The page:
Launch of CHEOPS was Successfull by ESA

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Its telescope will focus on bright stars to determine the size of planets as they pass in front of their host star. It has a Ritchey Chrétien telescope that matches the design of the Hubble and Spitzer space telescopes.

"Cheops is 710 kilometres (440 miles) away, exactly where we wanted it to be, it's absolutely flawless", Didier Queloz, 2019 Nobel Physics Prize victor, told AFP in French Guiana, where the launch took place.

Cheops "will focus on planets in the super-Earth to Neptune size range, with its data enabling the bulk density of the planets to be derived - a first-step characterisation towards understanding these alien worlds", according to the Esa website.

CHEOPS will have look for exoplanets, their density, or whether they are rockier like Earth and Mars, or more gaseous like Saturn, Jupiter, and Uranus. In 2012 the ESA selected CHEOPS, based on that initial design, as its first small-class (or S-class) mission, a type of smaller-scale program meant to promote innovation and education.

The primary objective of the CHEOPS satellite is to observe various important aspects of exoplanets. Unlike previous telescopes, however, CHEOPS will not scan the skies for never-before-seen transits. The exoplanets examined by CHEOPS are likely to be the main targets for future studies with the James Webb Space Telescope, which will hopefully launch in March 2021.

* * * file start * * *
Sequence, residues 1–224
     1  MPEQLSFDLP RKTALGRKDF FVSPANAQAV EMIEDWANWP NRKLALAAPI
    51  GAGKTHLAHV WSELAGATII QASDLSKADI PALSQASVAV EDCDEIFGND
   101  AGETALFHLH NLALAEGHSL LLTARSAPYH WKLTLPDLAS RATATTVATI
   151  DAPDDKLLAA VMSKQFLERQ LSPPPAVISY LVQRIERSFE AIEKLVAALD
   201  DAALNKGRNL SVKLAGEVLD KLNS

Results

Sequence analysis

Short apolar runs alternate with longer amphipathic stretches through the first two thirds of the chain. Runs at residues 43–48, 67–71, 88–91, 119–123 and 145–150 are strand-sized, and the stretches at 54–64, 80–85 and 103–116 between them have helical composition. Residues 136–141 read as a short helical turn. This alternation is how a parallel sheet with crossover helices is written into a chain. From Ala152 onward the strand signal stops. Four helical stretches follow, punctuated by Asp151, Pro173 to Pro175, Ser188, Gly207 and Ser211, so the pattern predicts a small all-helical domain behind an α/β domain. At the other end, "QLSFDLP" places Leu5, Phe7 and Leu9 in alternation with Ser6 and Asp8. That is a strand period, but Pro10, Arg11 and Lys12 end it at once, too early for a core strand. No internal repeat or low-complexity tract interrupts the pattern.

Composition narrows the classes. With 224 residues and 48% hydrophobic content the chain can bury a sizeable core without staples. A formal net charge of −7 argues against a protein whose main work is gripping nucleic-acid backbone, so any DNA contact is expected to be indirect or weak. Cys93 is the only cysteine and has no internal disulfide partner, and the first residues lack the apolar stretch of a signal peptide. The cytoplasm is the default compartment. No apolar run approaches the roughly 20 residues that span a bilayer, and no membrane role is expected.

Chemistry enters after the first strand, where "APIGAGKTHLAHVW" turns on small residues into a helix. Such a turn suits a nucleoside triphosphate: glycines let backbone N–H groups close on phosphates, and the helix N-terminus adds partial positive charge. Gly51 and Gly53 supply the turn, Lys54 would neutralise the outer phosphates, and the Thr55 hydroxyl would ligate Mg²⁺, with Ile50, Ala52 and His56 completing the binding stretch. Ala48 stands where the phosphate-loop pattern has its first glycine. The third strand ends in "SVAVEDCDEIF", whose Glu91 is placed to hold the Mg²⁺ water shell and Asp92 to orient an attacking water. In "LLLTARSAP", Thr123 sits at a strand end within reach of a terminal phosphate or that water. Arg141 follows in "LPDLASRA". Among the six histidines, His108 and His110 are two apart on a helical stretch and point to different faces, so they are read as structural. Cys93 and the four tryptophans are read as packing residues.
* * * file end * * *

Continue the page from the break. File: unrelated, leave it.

- Can we search for exoplanets from Earth? Scientists may also turn their attention to larger gas giant exoplanets to compare and contrast with potentially habitable worlds.

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At the same time, the stellar blink method is used by ground-based telescopes such as the Next Generation Transit Survey, at Paranal Observatory in Chile.

Human hibernation in deep space missions?

Another mission, the Wide-Field Infrared Space Telescope (WFIRST), created to investigate dark energy and prospect for distant exoplanets, continues to survive the political vicissitudes of NASA's budget process.

NASA's James Webb Space Telescope, created to report infrared radiation from the universe's earliest days and warmth from exoplanets, is on observe after many mishaps, the house company says, for a launch on March 30, 2021. It would launch in the mid-2020s.

The launch previously scheduled last Tuesday, but due to some technical problems, the administration chose to postpone it just before 85 minutes of the launch.

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